Kato’s practice is rooted in painting, which provides a basis for unbridled experimentation. When creating within the structure of a traditional two-dimensional canvas, he applies paint directly to the surface with his hands, without the intervention of a brush — a visceral and intuitive process that prioritizes bold color and confidently articulates formal qualities. Kato’s figures, however, often expand beyond the constraints of the rectangular picture plane, with cut canvas appendages and free-standing limbs and torsos. Some works hang from the gallery ceiling like hovering apparitions, anchored to the floor by found rocks like a tether to the physical realm.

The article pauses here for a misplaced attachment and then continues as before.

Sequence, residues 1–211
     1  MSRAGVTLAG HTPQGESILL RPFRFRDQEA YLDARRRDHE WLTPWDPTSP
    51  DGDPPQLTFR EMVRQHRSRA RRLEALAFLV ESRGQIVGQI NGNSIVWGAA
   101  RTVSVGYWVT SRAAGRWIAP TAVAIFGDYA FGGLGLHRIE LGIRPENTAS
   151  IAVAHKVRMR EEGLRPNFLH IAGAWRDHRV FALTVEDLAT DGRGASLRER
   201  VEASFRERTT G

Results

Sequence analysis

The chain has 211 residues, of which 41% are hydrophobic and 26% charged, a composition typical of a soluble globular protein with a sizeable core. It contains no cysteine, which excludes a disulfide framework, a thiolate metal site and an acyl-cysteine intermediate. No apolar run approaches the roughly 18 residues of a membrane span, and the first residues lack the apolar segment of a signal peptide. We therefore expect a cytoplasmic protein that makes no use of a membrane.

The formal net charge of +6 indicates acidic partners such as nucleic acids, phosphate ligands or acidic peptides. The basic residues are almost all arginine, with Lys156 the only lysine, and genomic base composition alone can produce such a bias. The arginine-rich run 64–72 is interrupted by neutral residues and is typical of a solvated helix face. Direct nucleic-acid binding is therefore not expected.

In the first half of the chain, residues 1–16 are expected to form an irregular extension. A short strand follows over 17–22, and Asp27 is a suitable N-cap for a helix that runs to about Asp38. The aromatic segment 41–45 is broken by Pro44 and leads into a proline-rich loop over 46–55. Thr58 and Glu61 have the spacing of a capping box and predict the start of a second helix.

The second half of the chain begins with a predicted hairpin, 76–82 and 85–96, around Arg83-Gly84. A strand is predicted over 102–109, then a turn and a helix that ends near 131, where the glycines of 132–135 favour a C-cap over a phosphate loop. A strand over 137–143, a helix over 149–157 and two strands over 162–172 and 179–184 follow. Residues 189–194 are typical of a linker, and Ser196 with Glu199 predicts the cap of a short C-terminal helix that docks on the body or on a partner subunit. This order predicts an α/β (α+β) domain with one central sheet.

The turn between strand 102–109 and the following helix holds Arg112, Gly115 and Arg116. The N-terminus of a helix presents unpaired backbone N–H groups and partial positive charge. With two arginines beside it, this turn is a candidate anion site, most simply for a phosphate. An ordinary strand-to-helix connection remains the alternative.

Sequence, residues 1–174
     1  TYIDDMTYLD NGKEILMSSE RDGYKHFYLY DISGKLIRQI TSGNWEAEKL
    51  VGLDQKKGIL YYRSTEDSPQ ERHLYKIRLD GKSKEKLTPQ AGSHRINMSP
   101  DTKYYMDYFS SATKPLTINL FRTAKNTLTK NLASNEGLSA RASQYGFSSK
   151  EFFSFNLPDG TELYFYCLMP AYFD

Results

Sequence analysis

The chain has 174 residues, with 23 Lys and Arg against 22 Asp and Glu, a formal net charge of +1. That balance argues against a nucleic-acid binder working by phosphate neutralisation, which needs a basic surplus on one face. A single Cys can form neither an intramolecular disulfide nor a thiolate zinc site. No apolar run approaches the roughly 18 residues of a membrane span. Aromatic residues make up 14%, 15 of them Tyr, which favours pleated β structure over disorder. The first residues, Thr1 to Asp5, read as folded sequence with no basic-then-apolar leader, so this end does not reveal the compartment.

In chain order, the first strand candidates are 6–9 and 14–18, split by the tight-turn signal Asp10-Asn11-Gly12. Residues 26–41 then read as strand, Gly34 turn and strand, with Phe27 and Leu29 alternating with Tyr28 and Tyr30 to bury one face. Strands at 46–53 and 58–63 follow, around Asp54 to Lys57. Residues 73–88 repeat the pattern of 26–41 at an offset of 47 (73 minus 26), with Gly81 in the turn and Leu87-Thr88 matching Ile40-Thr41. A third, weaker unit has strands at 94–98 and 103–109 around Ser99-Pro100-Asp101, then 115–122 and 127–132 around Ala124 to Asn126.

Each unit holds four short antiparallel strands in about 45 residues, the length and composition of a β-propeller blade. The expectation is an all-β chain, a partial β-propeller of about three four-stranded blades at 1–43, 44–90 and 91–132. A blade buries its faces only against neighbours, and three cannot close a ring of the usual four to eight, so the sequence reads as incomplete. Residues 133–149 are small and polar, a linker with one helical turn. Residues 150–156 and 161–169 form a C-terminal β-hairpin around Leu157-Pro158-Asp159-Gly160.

Sensitive to the unique properties of the specific locales in which he shows his work, Kato carefully scouts sites for unconventional media to serve as the substrates of his sculptures. Like kami, the Japanese spirits of Shintoism that inhabit all things, Kato’s creatures are made manifest in a wide range of materials — from found driftwood and stones to cast vinyl dolls and traditional regional textiles — as if the artist conjures a spiritual being from his raw materials.